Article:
7. What do you hope people take away with them after reading your work?
The feeling that they’ve just read a great yarn. And a deeper understanding of Charlie Berlin as he struggles to cope ten years after his war experiences – is he coping, or does he just appear to be? And what is dredged up for him when he’s confronted with a situation that questions the worth of what he fought for and what his comrades lost their lives for. The men and women that survived WW2 were expected to come home and get on with their normal lives. Most of them looked like they did but many of them struggled with what they’d seen and done and a ‘normal’ life wasn’t easy to achieve. It’s a story that’s repeated with every war – in more recent times Vietnam and Iraq – and the damage they do to the people who fight them and the people waiting at home.
8. Whom do you most admire in the realm of writing and why?
John Updike was someone who got me thinking about the possibilities of the written word and then Vonnegut. Interestingly, both Americans. Also John le Carré, as I noted, and Raymond Carver who does so much so simply in his short stories.
9. Many artists set themselves very ambitious goals. What are yours?
My ambition always is to finish my next book and make it better than the last one.
Fear of failure isn’t a good enough excuse not to try something. This was a lesson I learned when I became a teacher and had to inspire students to have a go. I tell people that babies don’t learn how to walk, they learn how not to fall down. Walking and writing are very similar in that we are always a microsecond away from a tumble. Life’s a bit like that too. Sometimes we stumble and sometimes we fall but that risk is far outweighed by the benefits of getting out of the comfort of a chair and seeing what you can discover on the outside. Just ask yourself, what’s the worst thing that can happen? And remember that while a badly written book might not get published, an unwritten one absolutely never will.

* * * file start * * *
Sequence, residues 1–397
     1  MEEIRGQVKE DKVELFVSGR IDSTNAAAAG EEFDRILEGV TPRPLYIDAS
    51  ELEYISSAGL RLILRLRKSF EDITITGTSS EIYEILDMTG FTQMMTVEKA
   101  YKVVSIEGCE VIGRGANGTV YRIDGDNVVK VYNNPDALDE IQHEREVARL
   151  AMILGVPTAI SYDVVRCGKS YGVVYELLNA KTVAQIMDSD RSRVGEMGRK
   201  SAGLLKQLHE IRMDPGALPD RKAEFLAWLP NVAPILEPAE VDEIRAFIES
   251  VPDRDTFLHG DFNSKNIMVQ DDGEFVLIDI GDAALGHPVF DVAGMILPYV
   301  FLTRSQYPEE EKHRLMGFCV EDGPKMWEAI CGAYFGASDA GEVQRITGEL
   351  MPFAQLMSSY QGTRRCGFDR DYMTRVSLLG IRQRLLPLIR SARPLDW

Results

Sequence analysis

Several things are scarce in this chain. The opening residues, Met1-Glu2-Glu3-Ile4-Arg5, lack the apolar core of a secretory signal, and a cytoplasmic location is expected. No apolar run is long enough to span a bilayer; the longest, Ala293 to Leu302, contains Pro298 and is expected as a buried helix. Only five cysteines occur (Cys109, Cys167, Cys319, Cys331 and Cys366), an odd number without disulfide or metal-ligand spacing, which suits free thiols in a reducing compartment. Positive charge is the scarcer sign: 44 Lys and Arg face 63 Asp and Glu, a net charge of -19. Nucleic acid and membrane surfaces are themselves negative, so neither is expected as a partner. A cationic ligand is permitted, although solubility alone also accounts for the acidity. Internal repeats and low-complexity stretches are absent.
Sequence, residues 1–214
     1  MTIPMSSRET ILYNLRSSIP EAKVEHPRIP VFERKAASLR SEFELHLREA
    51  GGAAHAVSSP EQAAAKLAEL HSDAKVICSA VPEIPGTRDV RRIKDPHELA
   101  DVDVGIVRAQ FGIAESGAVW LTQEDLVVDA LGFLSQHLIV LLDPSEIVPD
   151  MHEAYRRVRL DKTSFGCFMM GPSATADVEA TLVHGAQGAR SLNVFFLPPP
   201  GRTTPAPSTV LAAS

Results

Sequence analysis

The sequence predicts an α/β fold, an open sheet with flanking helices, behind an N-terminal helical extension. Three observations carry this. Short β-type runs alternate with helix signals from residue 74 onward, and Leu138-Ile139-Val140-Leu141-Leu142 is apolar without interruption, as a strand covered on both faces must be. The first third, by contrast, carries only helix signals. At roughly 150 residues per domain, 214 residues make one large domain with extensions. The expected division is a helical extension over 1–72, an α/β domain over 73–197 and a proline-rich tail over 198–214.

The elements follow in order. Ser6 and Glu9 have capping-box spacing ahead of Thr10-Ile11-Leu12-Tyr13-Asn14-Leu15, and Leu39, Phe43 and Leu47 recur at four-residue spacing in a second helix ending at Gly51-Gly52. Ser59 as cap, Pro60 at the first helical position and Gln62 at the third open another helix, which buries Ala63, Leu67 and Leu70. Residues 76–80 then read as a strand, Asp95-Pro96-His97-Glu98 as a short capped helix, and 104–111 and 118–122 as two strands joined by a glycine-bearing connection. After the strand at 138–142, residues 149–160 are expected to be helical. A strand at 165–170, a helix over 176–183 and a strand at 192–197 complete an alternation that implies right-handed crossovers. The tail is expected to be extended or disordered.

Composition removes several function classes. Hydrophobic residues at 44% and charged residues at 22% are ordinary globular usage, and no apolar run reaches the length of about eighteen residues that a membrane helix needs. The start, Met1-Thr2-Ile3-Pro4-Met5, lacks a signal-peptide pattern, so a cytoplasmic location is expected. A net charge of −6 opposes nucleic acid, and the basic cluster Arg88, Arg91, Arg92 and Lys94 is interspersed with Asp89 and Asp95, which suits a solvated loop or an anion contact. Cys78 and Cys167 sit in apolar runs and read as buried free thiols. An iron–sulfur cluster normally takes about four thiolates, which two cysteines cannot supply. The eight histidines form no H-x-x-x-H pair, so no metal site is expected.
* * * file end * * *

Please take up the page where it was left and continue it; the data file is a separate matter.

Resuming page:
Geoffrey, thank you for playing.
If you have to die, Melbourne is a fair enough place to do it and September is one of the better months for a funeral. Still early spring, no hint yet of the desiccating ugliness of summer, still chilly and almost always bleak enough for a suitably sombre air to blanket the proceedings. The downside to a September funeral is if you time your dying wrong you’ll never know who won the Aussie Rules grand final. And in football-mad Melbourne, that can be a fate worse than death.
The sun broke through the overcast for a brief moment, a narrow shaft of bright, winter-cool morning light beaming down through a high window in the Moonee Ponds church. The splash of light illuminated a row of medals that had been placed on top of the coffin along with an army officer’s cap. It also lit up a hand-knitted, navy-blue-and-white-striped woollen scarf, which informed the few in the congregation who didn’t already know that the man inside the coffin had been a fervent Geelong supporter. The grand final was just two days away and the Cats were at the very bottom of the 1957 League table. With your team the Wooden Spooners a man might as well be dead.
There were more medals on show throughout the church. A dozen or so men wore them on the left breast of their nearly identical black suits or dark overcoats, with others displaying more subtle rows of coloured ribbons. The medals clanked together as the congregation rose and sat, and rose and sat again for hymns and homilies and the eulogy. The women in the congregation were in a uniform of sorts too, hats and gloves, scarfs and handbags, heavy overcoats and heavy shoes. It was a good turnout, the minister had noted, his little red-brick church nearly full to capacity.